Originally published on Fri November 15, 2013 10:53 am

Typhoon Haiyan caused widespread destruction in parts of the Philippines when it tore through on Friday. One of the hardest-hit areas was the city of Tacloban and its more than 220,000 residents. "Virtually all of the structures, if they were not made out of concrete or steel, are gone," a top U.S. military commander said.

These satellite images from Google and DigitalGlobe show how Tacloban and the Anibong district looked in February 2012 and then two days after Haiyan made landfall.

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Shots - Health News
3:12 pm
Thu November 14, 2013

Oregon Shines On Medicaid, As Texas Stalls On Sign-Ups

Kyle Thompson and his family are all going to have health coverage in Oregon, thanks to the state's successful effort to enroll people in Medicaid.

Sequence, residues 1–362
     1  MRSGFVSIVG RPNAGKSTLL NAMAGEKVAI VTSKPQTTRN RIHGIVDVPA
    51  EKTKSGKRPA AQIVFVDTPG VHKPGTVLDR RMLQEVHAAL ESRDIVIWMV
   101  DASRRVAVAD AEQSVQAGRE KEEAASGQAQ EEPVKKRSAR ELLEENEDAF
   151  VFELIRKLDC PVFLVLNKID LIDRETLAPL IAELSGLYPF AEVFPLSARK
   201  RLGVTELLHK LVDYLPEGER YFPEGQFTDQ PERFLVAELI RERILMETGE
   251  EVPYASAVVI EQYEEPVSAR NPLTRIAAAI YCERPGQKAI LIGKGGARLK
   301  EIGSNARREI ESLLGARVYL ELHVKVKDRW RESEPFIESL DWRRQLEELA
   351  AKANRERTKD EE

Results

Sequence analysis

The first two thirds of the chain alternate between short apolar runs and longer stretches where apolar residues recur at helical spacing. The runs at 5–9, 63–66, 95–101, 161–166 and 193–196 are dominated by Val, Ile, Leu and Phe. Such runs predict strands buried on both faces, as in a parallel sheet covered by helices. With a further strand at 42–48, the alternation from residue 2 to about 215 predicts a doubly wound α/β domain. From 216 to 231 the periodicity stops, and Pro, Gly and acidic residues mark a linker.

Kristian Foden-Vencil

Originally published on Thu November 14, 2013 6:29 pm

Oregon might be seen as a complete failure or a surprising success when it comes to its health insurance exchange.

One the one hand, the state's website has yet to allow a single person to enroll. That's a big problem for the folks who are hoping to qualify for subsidies and buy insurance that will start Jan. 1.

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The Two-Way
2:53 pm
Thu November 14, 2013

Police Arrest Hundreds In Global Child Porn Sting

Toronto police say they've cracked a massive child porn network, rescuing 386 children around the world and nabbing hundreds of suspects, including teachers, clergymen and doctors.